We’ve known for a long time that William Sixsmith drove the first train in New South Wales but we didn’t know that much about him other than his important role during the construction, testing and operation of the first line from Sydney to Parramatta in 1855. Since 1961 the Museum has had portraits of both William and his wife Maria in its collection but information about his early life was a complete mystery until a family member, Lynne Barnett, contacted me with his amazing life story. He’s closely connected with the beginning of railways in three European countries as well as the romance and harsh reality of the Australian gold rush thrown in for good measure.
What Lynne found was that William grew up when the first English railways were being built and developed virtually in his own back yard. The famous steam locomotive “Rocket”, George and Robert Stephenson, and other important railway engineers were all part of his world. William eventually brought his expertise in rail operation to Sydney enabling Australia to develop its own Industrial Revolution. The introduction of railways everywhere meant that passengers, but especially goods, could be quickly and efficiently transported, leading to rapid industrialisation and the creation of markets for products of the Industrial Revolution.
Before the age of 12 William began work on the construction of the Liverpool to Manchester line, the world’s first double track public railway, building the Olive Mount railway cutting not far from his Watertree home, near Liverpool, England. His first job was to carry the pick heads for the stonecutters toiling away on the 3.2 km cutting. The Liverpool and Manchester Railway opened in 1830 and William went on to be a driver on the line as well as the London and North Western Line which opened in 1838.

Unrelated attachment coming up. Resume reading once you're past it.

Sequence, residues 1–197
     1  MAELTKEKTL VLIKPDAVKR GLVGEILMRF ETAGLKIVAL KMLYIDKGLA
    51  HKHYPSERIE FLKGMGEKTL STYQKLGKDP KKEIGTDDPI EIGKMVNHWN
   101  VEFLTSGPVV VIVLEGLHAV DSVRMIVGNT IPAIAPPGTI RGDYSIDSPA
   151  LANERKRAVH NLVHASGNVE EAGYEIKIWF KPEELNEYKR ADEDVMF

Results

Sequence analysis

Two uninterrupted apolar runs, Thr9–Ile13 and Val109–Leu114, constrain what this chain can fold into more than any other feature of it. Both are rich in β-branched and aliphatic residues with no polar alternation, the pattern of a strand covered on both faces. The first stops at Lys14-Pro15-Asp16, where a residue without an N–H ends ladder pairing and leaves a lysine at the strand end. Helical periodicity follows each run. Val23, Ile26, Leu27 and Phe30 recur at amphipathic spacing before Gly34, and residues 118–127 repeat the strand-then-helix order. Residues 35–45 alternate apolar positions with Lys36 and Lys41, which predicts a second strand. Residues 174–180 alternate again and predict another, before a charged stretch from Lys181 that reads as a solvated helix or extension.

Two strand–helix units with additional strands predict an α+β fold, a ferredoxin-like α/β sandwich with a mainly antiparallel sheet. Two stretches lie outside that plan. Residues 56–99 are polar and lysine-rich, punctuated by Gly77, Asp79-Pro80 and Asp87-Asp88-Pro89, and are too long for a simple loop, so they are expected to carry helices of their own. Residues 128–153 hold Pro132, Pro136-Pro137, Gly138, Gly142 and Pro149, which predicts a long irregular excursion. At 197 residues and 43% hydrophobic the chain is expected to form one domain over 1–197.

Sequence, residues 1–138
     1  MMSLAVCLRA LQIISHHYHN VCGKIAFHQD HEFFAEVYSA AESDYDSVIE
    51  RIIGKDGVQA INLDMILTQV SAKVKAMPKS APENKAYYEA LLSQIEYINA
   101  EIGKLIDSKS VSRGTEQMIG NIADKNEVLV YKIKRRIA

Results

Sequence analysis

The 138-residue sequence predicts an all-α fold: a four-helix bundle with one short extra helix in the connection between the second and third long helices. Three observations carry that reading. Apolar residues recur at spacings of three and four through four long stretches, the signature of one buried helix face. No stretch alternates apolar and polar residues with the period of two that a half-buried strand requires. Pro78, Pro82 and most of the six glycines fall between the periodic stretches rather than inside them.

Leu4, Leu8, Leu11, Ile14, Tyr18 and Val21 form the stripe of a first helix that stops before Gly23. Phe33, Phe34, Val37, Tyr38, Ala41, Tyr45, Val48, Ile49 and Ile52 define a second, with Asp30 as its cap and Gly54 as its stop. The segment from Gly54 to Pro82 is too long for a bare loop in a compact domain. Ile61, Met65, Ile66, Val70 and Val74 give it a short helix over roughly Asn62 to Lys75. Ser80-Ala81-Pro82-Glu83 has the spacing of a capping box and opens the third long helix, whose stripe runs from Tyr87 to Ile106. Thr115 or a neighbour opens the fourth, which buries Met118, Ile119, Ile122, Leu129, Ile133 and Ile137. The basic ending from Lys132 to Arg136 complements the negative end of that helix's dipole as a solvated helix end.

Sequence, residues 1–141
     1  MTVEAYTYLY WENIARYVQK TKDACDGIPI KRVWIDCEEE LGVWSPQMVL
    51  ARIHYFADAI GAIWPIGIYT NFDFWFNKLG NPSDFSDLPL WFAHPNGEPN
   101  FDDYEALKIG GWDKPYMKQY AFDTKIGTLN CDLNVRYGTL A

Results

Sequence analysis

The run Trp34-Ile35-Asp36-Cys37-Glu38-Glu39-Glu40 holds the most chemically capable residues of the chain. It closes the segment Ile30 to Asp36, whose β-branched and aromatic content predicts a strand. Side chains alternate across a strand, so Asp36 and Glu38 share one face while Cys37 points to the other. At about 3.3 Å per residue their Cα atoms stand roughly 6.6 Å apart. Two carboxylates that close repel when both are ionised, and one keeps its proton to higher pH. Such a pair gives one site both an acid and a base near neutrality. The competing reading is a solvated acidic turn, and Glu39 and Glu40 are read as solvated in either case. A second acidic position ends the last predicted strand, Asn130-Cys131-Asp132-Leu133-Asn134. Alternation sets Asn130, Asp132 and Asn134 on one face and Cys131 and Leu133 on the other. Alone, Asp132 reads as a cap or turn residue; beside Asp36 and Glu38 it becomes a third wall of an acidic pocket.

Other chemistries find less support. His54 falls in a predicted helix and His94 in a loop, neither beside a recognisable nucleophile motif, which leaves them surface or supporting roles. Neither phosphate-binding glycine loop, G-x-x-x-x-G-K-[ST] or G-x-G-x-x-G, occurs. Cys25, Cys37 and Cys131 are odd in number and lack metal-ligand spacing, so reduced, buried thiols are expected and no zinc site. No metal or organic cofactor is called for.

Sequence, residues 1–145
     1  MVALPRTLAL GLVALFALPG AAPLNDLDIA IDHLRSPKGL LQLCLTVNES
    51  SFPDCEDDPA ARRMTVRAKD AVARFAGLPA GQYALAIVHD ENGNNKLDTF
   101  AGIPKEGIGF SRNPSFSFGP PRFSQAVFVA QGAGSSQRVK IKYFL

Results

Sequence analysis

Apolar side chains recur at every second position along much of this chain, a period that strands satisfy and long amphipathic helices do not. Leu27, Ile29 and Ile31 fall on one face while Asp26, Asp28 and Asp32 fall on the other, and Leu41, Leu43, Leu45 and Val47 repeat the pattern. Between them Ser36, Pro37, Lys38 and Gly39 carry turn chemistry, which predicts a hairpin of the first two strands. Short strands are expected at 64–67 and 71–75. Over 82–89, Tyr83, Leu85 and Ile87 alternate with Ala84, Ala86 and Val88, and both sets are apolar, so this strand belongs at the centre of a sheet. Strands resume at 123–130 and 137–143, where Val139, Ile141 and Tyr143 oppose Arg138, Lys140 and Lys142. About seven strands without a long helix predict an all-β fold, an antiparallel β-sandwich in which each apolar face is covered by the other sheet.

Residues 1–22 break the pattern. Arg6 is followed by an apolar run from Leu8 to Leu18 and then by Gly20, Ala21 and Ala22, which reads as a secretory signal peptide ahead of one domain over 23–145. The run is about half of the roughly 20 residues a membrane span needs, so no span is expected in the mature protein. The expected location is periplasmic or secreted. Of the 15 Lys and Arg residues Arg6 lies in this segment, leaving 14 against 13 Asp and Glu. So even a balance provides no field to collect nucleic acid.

In 1842 William married Maria Townsend in Birmingham and the Sixsmiths travelled to Paris in 1845 with their young family where William worked as a locomotive driver on the new Paris to Rouen line. This had been opened in 1843 and been built by the British engineer, Joseph Locke, who had worked for George Stephenson. Apparently, Locke only employed British drivers on his line. In later life William claimed that while in Paris he had driven the King of France, Louis Phillippe 1. The Sixsmiths remained in France for about 3 years and left before the revolution which deposed Louis Phillippe in 1848. Their next port of call was Ireland where William was employed by Sir John MacNeill, the consulting engineer for the Dublin and Belfast Railway Company, whose line opened in stages between 1849 and 1852.
By the end of 1849 the Sixsmiths returned to England and lived at Liverpool. Almost three years later they set sail for Australia, in search of a new life as unassisted passengers on board the “Delta” which arrived in Melbourne on 19 October 1852. Lured by reports of the fantastic gold discoveries made in 1851, it was the gold rushes which brought them to Australia not the construction of railways. It is thought that conditions in Melbourne were so difficult that the Sixsmiths travelled on to Sydney where Maria and the family were to remain. Once his family were settled in Pyrmont, William walked 600 km back to Victoria, to the Ovens Goldfield, present day Beechworth. As with most gold fields, the Ovens Goldfield were a glittering lottery. Some diggers made their fortunes but many more did not. William was unsuccessful and eventually left the diggings and walked 290 km to Melbourne from where he got a job shovelling coal on a coastal steam ship to work his way back to Sydney.